“Try before you buy” is a marketing technique that software manufacturers commonly use to generate interest in their products. It works like this: download their software and try using it for a few weeks. If you like the software and think it’s worth the price, buy it. Otherwise do nothing. When the trial period expires, the software is automatically disabled.
It occurred to me that a similar try-before-you-buy approach highlights an important benefit of a lending library: it’s a low risk transaction.
Before you buy a particular resource, try it out. Borrow a children’s book. Or a novel. Or a DVD. Or a missionary biography. Or a commentary. Or an audio book.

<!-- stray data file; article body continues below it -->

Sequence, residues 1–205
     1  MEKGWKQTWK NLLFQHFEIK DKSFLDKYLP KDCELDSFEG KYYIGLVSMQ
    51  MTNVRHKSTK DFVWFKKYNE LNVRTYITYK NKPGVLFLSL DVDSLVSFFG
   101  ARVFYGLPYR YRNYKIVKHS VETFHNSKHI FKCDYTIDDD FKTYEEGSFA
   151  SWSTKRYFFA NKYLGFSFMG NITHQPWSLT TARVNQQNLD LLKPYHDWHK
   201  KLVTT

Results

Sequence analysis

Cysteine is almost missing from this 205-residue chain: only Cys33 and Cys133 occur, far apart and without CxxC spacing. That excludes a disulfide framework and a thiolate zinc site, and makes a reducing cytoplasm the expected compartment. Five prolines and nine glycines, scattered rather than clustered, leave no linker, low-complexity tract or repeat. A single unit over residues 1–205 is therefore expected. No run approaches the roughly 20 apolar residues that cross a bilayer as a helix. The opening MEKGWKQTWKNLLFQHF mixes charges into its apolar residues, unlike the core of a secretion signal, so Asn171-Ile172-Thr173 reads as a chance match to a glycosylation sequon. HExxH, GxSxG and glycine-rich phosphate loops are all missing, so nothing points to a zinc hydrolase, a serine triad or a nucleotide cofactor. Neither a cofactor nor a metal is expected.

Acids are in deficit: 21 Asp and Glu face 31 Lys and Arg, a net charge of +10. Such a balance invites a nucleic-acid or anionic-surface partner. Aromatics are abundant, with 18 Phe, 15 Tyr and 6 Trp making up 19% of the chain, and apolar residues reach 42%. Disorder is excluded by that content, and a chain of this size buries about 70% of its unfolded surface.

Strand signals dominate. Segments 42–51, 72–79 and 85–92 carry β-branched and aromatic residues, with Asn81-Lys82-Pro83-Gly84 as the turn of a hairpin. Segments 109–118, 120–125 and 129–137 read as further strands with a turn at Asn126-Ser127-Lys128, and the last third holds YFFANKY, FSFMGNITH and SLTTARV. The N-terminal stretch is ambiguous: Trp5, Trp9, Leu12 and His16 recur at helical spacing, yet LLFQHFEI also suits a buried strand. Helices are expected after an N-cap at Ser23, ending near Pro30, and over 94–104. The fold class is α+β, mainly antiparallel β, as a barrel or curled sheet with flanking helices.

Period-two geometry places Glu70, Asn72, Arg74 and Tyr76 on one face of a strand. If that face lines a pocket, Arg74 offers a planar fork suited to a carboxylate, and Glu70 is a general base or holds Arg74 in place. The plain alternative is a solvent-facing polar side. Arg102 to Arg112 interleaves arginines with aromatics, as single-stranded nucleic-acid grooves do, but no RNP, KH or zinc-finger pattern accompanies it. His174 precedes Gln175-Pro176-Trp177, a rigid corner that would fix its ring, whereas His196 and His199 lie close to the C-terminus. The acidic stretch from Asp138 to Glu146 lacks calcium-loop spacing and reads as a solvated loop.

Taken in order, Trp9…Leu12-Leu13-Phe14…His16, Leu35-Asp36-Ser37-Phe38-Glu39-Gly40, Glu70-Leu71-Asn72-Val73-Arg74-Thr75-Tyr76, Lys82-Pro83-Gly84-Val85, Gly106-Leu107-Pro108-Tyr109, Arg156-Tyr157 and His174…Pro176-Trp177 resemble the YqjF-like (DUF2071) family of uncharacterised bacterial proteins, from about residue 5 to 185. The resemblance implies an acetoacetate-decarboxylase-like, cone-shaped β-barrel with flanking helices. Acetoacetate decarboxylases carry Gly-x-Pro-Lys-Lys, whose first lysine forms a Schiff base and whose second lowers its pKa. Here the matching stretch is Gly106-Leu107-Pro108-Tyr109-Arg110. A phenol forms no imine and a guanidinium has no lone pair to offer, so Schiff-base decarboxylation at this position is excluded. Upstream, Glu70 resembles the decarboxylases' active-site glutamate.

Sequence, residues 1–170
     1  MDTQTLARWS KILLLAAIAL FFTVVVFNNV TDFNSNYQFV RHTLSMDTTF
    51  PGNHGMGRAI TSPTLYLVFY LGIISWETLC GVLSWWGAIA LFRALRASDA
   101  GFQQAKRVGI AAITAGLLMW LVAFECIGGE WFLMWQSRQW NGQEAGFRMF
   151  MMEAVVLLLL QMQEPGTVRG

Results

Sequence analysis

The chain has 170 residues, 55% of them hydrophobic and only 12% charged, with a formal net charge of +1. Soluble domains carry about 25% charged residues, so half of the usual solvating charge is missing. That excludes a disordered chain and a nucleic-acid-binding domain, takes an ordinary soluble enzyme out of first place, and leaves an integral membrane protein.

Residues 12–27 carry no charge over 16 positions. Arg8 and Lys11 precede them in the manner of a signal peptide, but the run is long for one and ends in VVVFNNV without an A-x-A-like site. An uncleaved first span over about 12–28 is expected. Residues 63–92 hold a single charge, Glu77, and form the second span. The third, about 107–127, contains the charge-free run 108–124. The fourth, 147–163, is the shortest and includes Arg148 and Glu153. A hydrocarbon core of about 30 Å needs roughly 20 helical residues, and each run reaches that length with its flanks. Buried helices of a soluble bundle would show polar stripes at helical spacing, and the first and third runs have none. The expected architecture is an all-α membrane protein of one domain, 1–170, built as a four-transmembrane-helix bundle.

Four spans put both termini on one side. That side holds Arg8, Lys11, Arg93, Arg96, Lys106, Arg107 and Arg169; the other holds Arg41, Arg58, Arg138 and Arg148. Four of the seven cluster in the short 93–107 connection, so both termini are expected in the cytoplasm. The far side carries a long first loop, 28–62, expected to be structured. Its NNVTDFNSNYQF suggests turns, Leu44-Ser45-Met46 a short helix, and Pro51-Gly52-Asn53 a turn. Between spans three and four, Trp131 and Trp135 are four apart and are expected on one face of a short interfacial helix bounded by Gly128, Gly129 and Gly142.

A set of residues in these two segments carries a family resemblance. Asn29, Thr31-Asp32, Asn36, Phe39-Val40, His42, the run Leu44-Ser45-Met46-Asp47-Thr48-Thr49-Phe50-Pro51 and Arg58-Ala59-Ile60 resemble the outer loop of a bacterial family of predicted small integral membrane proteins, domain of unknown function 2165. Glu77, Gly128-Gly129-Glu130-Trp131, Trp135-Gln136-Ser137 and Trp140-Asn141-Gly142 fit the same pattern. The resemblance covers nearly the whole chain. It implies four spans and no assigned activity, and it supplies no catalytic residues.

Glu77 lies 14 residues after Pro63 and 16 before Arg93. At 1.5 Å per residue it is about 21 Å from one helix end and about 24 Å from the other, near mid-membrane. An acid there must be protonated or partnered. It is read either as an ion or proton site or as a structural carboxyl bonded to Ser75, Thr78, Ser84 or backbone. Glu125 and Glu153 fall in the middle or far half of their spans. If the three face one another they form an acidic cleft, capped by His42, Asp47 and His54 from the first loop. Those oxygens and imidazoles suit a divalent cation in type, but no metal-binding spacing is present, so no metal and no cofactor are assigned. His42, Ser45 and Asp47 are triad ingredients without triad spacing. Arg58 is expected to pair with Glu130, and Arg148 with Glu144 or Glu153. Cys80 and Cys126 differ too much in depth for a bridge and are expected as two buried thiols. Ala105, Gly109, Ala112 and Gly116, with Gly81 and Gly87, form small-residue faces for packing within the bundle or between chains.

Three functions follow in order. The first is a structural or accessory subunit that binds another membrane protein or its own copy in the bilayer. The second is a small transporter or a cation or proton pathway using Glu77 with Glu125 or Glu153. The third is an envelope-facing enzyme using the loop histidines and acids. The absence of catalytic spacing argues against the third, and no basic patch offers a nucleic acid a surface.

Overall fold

Read it. Watch it. Listen to it.
If you end up liking it and want to own a personal copy, buy it from your favorite bookseller, confident of what you’re getting.
On the other hand, if the resource didn’t meet your needs (or even if the resource did meet your needs, but you would rather spend your money in other ways), just return it before the due date, and pay absolutely nothing. (This policy is not unique to the Bethlehem Baptist Library!)
Either way, what do you have to lose?